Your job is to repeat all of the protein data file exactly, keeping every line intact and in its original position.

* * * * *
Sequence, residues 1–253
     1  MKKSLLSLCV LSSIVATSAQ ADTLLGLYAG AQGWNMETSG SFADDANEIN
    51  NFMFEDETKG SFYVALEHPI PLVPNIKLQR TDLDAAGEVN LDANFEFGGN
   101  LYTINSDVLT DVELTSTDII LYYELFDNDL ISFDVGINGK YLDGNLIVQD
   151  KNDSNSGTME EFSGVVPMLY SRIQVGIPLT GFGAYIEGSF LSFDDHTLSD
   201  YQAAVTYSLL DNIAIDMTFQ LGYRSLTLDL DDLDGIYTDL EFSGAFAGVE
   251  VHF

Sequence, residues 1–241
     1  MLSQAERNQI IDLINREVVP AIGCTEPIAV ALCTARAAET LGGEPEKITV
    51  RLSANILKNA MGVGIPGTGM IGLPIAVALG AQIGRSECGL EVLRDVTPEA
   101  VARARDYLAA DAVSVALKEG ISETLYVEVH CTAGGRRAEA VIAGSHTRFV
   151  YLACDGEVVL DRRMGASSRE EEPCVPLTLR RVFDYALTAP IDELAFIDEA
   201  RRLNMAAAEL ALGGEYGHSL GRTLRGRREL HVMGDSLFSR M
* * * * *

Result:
Sequence, residues 1–253
     1  MKKSLLSLCV LSSIVATSAQ ADTLLGLYAG AQGWNMETSG SFADDANEIN
    51  NFMFEDETKG SFYVALEHPI PLVPNIKLQR TDLDAAGEVN LDANFEFGGN
   101  LYTINSDVLT DVELTSTDII LYYELFDNDL ISFDVGINGK YLDGNLIVQD
   151  KNDSNSGTME EFSGVVPMLY SRIQVGIPLT GFGAYIEGSF LSFDDHTLSD
   201  YQAAVTYSLL DNIAIDMTFQ LGYRSLTLDL DDLDGIYTDL EFSGAFAGVE
   251  VHF

Sequence, residues 1–241
     1  MLSQAERNQI IDLINREVVP AIGCTEPIAV ALCTARAAET LGGEPEKITV
    51  RLSANILKNA MGVGIPGTGM IGLPIAVALG AQIGRSECGL EVLRDVTPEA
   101  VARARDYLAA DAVSVALKEG ISETLYVEVH CTAGGRRAEA VIAGSHTRFV
   151  YLACDGEVVL DRRMGASSRE EEPCVPLTLR RVFDYALTAP IDELAFIDEA
   201  RRLNMAAAEL ALGGEYGHSL GRTLRGRREL HVMGDSLFSR M